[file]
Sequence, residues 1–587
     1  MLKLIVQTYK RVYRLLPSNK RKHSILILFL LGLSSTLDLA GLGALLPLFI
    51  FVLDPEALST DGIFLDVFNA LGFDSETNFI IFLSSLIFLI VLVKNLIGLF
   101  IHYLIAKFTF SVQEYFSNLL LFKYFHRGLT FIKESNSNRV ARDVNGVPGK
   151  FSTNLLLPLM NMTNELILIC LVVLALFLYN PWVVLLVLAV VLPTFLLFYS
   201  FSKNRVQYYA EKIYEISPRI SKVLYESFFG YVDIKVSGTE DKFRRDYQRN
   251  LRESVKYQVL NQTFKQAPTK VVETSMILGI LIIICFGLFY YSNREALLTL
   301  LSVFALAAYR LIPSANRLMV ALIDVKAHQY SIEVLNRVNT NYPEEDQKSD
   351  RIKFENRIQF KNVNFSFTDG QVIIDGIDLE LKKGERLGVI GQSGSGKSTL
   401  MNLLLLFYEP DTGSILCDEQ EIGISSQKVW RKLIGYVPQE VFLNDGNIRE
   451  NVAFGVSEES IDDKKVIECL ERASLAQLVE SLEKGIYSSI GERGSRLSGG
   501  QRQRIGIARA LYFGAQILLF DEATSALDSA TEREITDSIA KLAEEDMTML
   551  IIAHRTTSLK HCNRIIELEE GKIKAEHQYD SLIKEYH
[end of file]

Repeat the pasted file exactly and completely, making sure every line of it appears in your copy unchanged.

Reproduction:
Sequence, residues 1–587
     1  MLKLIVQTYK RVYRLLPSNK RKHSILILFL LGLSSTLDLA GLGALLPLFI
    51  FVLDPEALST DGIFLDVFNA LGFDSETNFI IFLSSLIFLI VLVKNLIGLF
   101  IHYLIAKFTF SVQEYFSNLL LFKYFHRGLT FIKESNSNRV ARDVNGVPGK
   151  FSTNLLLPLM NMTNELILIC LVVLALFLYN PWVVLLVLAV VLPTFLLFYS
   201  FSKNRVQYYA EKIYEISPRI SKVLYESFFG YVDIKVSGTE DKFRRDYQRN
   251  LRESVKYQVL NQTFKQAPTK VVETSMILGI LIIICFGLFY YSNREALLTL
   301  LSVFALAAYR LIPSANRLMV ALIDVKAHQY SIEVLNRVNT NYPEEDQKSD
   351  RIKFENRIQF KNVNFSFTDG QVIIDGIDLE LKKGERLGVI GQSGSGKSTL
   401  MNLLLLFYEP DTGSILCDEQ EIGISSQKVW RKLIGYVPQE VFLNDGNIRE
   451  NVAFGVSEES IDDKKVIECL ERASLAQLVE SLEKGIYSSI GERGSRLSGG
   501  QRQRIGIARA LYFGAQILLF DEATSALDSA TEREITDSIA KLAEEDMTML
   551  IIAHRTTSLK HCNRIIELEE GKIKAEHQYD SLIKEYH